A recent SCORE Association report revealed that each year about 43% of US. businesses face lawsuits or at least the threat of lawsuits. In many cases, these lawsuits are filed by customers and competitors. However, employment lawsuits have also become increasingly common with some employees suing their own employers over issues like harassment, discrimination, and retaliation.

Knowing how to protect your business against employment lawsuits is extremely important. Studies have suggested a lawsuit filed by a single employee can cost a company about $160,000 on average and take almost a year to play out.

Building a positive work environment through legal compliance and utilizing the right employment lawsuit prevention strategies can reduce the chances of employees suing your business. Discover more below about protecting your business.

How to Protect Your Business

Attention business owners! Learn essential strategies to safeguard your business from employment lawsuits in this must-watch video.

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Assessing Risks Within Your Business

Before you try to figure out how to protect your business against employment lawsuits, familiarize yourself with the risks your company might regularly face. By identifying these risks, you can find ways to minimize them. Let’s take a look at the risks your company might encounter.

Identifying Vulnerabilities Within Your Business

Are you wondering, “Why would my employees ever want to file an employment lawsuit against my company?” Far too often, business owners are slow to realize why employees might consider taking legal action against them.

Here are several reasons why employees file lawsuits against their employers:

  • They’ve been sexually harassed and don’t feel enough has been done about it.
  • They’ve faced discrimination because of their age, gender, race, etc.
  • They’ve been retaliated against for participating in protected activities, like reporting workplace violations to HR.

Workplace risk mitigation for employers begins with taking notice of these risks and aiming to eliminate them.

Evaluating Employee Relations and Policies

You might be under the impression that all your company’s employees are happy with their work lives, but recent surveys suggest otherwise. HP used its HP Work Relationship Index to survey workers from all around the world and found that less than one-third of American workers have healthy relationships with work.

Evaluate your employee relations and policies and answer questions like this:

  • Do my employees walk into a positive work environment every day?
  • Do they have access to conflict resolution strategies within the workplace?
  • Do they get the support they need to help with their overall well-being?

If you answered “no” or even “I’m not sure” to any of these questions, it’s time to change the way you’re running your company. Unhappy employees are more likely to file employment lawsuits against your company.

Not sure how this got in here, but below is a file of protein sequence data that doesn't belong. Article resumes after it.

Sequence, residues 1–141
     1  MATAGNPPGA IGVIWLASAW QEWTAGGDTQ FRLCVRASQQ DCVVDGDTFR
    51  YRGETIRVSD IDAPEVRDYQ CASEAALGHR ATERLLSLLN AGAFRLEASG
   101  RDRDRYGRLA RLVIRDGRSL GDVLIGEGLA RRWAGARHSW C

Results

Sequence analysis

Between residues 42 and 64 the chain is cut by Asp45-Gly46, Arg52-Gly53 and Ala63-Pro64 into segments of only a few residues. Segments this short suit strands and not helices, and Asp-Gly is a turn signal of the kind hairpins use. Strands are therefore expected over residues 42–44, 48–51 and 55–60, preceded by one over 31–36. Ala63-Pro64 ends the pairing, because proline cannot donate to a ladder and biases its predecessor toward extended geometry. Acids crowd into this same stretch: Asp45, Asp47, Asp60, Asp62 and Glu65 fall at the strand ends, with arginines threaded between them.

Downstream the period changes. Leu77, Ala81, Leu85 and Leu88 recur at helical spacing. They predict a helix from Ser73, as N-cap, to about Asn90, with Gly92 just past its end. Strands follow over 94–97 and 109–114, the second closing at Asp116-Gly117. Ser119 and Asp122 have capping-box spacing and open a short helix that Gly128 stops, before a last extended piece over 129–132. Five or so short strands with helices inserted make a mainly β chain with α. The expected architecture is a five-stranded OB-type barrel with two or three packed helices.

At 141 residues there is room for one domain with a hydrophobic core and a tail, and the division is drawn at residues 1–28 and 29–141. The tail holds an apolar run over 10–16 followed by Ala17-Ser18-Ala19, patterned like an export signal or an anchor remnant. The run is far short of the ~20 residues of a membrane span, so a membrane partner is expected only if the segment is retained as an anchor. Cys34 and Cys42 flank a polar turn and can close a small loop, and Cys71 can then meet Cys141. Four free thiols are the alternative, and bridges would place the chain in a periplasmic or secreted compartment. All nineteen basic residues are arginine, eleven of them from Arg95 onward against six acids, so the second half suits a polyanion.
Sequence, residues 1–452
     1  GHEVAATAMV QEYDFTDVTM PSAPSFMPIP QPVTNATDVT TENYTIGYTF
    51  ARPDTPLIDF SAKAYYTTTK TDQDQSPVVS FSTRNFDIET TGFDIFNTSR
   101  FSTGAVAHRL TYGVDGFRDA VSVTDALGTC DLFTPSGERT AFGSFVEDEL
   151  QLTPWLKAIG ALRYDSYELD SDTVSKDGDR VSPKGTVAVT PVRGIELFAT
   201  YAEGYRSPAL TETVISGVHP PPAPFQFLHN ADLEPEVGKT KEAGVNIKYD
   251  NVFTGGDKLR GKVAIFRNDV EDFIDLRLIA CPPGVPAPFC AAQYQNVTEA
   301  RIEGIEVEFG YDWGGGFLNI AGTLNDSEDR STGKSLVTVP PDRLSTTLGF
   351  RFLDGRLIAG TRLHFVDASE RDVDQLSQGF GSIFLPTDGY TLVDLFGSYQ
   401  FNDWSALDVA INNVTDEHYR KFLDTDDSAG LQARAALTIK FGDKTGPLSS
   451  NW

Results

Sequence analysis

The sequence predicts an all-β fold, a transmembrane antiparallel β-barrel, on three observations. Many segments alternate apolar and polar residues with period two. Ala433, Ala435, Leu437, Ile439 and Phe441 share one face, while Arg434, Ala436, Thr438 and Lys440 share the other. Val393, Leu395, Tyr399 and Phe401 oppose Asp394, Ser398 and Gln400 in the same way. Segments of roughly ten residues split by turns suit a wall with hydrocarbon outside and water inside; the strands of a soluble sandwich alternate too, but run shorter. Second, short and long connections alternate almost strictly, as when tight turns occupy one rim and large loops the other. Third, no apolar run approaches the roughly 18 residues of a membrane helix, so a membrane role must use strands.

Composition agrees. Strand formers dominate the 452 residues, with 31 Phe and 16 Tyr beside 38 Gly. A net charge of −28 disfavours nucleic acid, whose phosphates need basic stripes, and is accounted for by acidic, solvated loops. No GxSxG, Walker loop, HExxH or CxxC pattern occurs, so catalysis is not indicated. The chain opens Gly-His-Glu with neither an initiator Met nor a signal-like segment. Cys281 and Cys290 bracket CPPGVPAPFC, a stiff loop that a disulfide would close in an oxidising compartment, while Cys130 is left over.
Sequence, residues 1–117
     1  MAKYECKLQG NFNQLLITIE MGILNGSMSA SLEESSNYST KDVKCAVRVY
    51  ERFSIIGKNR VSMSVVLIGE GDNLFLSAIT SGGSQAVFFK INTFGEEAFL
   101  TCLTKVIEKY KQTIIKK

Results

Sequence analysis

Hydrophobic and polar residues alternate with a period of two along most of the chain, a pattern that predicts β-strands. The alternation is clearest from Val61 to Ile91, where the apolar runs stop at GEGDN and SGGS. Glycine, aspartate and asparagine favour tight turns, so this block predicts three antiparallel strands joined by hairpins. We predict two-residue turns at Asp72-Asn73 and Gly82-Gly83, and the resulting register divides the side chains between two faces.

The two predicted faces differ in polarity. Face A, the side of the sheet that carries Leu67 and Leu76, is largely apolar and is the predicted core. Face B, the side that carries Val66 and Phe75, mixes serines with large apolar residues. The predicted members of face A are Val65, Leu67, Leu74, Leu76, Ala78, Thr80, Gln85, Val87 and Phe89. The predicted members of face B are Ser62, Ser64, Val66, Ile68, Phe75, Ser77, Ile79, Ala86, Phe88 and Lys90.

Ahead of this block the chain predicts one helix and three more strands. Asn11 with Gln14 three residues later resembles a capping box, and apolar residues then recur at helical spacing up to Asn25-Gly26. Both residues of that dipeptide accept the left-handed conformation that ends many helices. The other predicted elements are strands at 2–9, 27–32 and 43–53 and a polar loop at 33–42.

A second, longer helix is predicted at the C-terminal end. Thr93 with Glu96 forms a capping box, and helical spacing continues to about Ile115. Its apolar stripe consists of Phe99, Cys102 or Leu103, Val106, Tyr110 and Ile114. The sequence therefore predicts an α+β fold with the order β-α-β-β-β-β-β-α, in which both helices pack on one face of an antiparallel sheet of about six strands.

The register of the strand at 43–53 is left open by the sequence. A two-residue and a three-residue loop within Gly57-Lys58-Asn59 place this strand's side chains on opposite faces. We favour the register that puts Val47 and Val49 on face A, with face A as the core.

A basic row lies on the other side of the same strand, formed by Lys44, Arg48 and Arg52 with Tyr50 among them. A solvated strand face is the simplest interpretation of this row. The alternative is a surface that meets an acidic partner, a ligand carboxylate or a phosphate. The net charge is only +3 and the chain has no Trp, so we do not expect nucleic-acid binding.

Establishing Clear Employment Policies and Procedures

employee handbook manual in folder and documents

Companies need employment policies and procedures to ensure they’re providing employees with safe, productive workplaces. They should cover a wide range of topics, including:

  • Attendance
  • Safety
  • Security
  • Privacy
  • Time off

There should also be a code of conduct that spells out how you expect your company’s employees to behave. It’s one way to protect your business against employment lawsuits caused by your employees saying or doing things that could land your company in hot water.

Crafting Comprehensive Handbooks

Unfortunately, a 2020 survey found that almost 70% of HR professionals struggle to get their companies’ employees to read their handbooks. But this doesn’t mean your company should choose not to compose a comprehensive handbook. This is one of the HR best practices to minimize lawsuits, as it can give your employees the guidance they need when it comes to following your company’s rules and regulations.

Importance of Regular Policy Updates and Training

A shocking survey conducted in 2018 found that about one-third of U.S. workers don’t receive formal workplace training from employers. Many people admitted they hadn’t been trained to do their jobs, let alone trained on how to act in their workplaces.

If you don’t have a formal training system for new employees yet, create one immediately. Develop training programs for your existing employees, too, so you can keep them in the know about policy updates.

Effective Hiring Practices

According to SCORE Association’s 2023 Employee Engagement report, about 60% of business owners say hiring the right people is one of their biggest challenges.

If hiring is always challenging for your company, you may cut corners to fill roles. Your company may struggle with defending against employee claims in court if you don’t use effective hiring practices.

Conducting Thorough Background Checks